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Bible Commentaries

John Dummelow's Commentary on the Bible
Luke 9

 

 

Verses 1-62


Feeding the Five Thousand. Peter's Confession. The Transfiguration

1-6. Mission of the Twelve (Matthew 10:1, Matthew 10:5-15; Mark 6:7-13). See on Mt.

7-9. Herod thinks that John is risen again (Matthew 14:1; Mark 6:14). See on Mt.

10-17. Feeding of the five thousand (Matthew 14:13; Mark 6:30; John 6:1). See on Mt and Jn.

18-27. Confession of Peter (Matthew 16:13; Mark 8:27). See on Mt. St. Luke's account is the most imperfect. Why he omits to mention the locality (Cæsarea Philippi), and Christ's rebuke to Peter, which were certainly in his source, does not appear. He alone mentions that Christ was 'praying alone '(Luke 9:18).

28-36. The Transfiguration (Matthew 17:1; Mark 9:2). See on Mt.

31. Lk alone mentions the subject of the conversation, Christ's death.

37-43. The epileptic healed (Matthew 17:14; Mark 9:14) See on Mt and Mk.

43b-45. He predicts His Passion (Matthew 17:22; Mark 9:30). See on Mt. It is not clear why St. Luke omits the prophecy of the resurrection, which certainly was in the source used by the synoptists. See Mt and Mk.

46-48. Who should be greatest (Matthew 18:1; Mark 9:33). See on Mt.

49, 50. The man casting out devils in Christ's name. See on Mark 9:38-41.

Luke 9:51 to Luke 19:28. The Peræan Ministry. Here begins a long and important section consisting of ten chapters (Luke 9:51 to Luke 19:28) peculiar to the third Gospel, and called generally the 'Peræan section.' (For 'Peræa' see on Matthew 19:1.) From the narratives of Mt and Mk, who devote but a chapter to it (Matthew 19 Mark 10), it would be supposed that the final journey of Jesus to Jerusalem occupied not more than a week or two, but in St. Luke it is so crowded with incidents, that several months must be assigned to it. It need not, however, be supposed that all the incidents and discourses which. St. Luke places in this period really belong to it. Marks of time are infrequent and vague, and lead to the conclusion that many of the incidents came into the evangelist's hands with no indications of date, and were, therefore, grouped together in this appendix to the Galilean ministry. All the Gospels agree in bringing our Lord to Peræa shortly before the Passion.

Some think that St. Luke describes not one, but three journeys to Jerusalem: (1) Luke 9:51 = John 7:1 to John 10:39; (Feast of Tabernacles and of Dedication; (2) Luke 13:22 = John 11 (raising of Lazarus); (3) Luke 17:11 = John 11:55; (journey from Ephraim to Jerusalem). But it is better to hold that St. Luke describes only one journey, which partook largely of the nature of an extended missionary tour.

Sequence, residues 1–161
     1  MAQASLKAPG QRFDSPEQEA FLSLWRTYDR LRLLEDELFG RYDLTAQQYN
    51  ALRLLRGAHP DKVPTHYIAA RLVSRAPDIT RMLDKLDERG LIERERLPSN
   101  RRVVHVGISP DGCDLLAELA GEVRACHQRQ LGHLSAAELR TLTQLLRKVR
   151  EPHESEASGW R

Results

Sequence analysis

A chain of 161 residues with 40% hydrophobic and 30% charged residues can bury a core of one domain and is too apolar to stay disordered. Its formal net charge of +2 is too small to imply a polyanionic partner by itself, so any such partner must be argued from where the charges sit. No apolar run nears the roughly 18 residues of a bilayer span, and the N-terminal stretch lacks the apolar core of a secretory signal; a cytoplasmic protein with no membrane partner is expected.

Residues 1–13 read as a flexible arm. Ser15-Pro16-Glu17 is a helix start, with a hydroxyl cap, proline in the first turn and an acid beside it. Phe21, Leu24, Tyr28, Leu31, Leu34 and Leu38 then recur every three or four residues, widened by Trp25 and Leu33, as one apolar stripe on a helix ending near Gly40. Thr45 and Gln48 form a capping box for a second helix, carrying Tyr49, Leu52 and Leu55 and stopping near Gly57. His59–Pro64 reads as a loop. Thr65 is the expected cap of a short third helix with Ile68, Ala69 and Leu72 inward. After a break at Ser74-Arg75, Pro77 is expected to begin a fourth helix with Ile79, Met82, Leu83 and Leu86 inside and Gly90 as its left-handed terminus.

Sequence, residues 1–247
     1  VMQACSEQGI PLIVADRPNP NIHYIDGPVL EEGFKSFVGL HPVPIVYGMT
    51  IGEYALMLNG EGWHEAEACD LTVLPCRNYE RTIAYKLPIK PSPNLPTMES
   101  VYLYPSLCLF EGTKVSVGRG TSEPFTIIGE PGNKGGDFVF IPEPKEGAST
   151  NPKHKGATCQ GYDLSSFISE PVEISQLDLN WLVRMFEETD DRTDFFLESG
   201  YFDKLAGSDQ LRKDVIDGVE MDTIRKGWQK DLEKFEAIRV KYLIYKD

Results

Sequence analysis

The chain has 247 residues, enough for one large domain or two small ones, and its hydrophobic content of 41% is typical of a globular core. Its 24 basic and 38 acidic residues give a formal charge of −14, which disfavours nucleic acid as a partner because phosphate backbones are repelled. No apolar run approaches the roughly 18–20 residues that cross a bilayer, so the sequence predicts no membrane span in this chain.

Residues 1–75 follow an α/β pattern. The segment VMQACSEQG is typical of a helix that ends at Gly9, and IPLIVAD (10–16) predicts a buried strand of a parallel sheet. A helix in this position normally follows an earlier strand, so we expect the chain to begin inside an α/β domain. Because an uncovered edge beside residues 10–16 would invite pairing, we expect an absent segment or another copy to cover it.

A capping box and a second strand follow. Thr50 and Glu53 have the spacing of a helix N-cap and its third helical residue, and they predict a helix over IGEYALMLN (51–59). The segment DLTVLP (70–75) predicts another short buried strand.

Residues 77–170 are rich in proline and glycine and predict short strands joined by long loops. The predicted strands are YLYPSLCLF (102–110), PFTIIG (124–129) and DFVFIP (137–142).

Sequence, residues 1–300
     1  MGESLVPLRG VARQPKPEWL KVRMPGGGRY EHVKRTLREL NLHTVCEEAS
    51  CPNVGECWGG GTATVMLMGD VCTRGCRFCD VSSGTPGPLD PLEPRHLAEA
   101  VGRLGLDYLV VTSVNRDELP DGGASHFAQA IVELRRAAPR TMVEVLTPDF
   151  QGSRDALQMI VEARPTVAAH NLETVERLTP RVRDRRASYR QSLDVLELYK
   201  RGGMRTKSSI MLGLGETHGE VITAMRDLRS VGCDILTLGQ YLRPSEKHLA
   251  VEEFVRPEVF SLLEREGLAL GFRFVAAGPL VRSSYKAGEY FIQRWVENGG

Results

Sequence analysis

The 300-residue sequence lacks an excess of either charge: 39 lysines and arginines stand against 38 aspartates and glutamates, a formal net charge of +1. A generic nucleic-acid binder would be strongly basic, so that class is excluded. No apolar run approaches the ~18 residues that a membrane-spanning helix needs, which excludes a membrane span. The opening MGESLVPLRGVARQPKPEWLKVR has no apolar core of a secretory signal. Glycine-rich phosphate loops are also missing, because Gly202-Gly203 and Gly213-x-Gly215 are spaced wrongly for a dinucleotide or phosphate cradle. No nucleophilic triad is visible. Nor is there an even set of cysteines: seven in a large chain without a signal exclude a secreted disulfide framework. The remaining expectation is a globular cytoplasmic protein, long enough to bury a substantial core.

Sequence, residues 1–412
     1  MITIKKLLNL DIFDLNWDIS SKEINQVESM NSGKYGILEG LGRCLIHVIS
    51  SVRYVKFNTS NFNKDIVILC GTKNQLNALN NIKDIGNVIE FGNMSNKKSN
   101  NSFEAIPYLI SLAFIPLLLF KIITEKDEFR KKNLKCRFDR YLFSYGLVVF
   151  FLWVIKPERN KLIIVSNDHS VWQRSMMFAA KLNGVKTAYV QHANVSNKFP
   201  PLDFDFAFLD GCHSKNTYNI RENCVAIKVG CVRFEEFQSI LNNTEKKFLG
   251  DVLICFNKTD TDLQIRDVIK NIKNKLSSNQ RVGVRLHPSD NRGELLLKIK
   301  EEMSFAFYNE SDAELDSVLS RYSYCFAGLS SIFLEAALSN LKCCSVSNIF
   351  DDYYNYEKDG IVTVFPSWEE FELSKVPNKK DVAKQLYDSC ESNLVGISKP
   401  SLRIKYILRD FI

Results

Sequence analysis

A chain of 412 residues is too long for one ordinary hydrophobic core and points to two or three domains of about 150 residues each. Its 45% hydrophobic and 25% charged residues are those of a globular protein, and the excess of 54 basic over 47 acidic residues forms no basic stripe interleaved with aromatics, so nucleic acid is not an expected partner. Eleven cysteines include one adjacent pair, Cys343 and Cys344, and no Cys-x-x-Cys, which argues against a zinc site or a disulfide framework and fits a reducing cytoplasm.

51-56. James and John desire to call down fire upon a Samaritan village (peculiar to Lk). Though James and John did not gain their title 'Boanerges' (Mark 3:17) from this incident, yet it undoubtedly illustrates the character of the 'Sons of Thunder' on its weaker side. Their desire for vengeance was a fault, but a generous one. They resented, not a personal slight, but an insult to the Master whom they had now come to regard as greater than Moses or Elijah or any OT. saint. They were right to be angry, but they were wrong in their anger to forget mercy, and to desire to destroy rather than to save sinners.

51. When the time was come (RV 'when the days were well nigh come') that he should be received up] lit. 'for His Ascension,' St. Luke thus indicating that His painful death would have a glorious issue. Set his face] see Isaiah 50:7. St. Mark states that Jesus went before, and the disciples followed in amazement and apprehension (Mark 10:32).

52. Samaritans] see on John 4:4, John 4:8-9, John 4:20. To make ready] viz. a lodging and a meal.

53. As though he would go to Jerusalem] The Samaritans expected a Messiah, but the fact that Jesus was going to Jerusalem to worship, rather than to their own holy mountain Gerizim, was a sufficient proof to them that Jesus was not he. The Jews often passed through Samaria, but they seldom availed themselves of Samaritan hospitality, though according to the rabbis 'their land was clean, their waters were clean, their dwellings were clean, and their roads were clean.'

54. Even as Elias (Elijah) did] 2 Kings 1:10. Omitted by RV.

55. Ye know not what manner of spirit ye are of] (omitted by important ancient authorities, see RV), i.e. either, (1) ye know not that the spirit of the new covenant is one of forbearance and forgiveness; or, (2) ye know not that the spirit which you exhibit comes from Satan not from God.

56. For the Son.. save them] These beautiful words are wanting in many ancient authorities, but are in any case an authentic utterance of Jesus, appropriately inserted here.

57-62. Jesus is joined by new disciples. See on Matthew 8:19-22.

61, 62. Peculiar to Lk.

61. Bid them farewell] Our Lord probably does not forbid the man to take leave of his relations, but only indicates in a striking and figurative way that those who aspire to be followers of Him, especially in the work of the ministry, must disentangle themselves from family ties, and give themselves wholeheartedly to the work.

 


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Bibliography Information
Dummelow, John. "Commentary on Luke 9:4". "John Dummelow's Commentary on the Bible". https://www.studylight.org/commentaries/dcb/luke-9.html. 1909.

Lectionary Calendar
Wednesday, June 26th, 2019
the Week of Proper 7 / Ordinary 12
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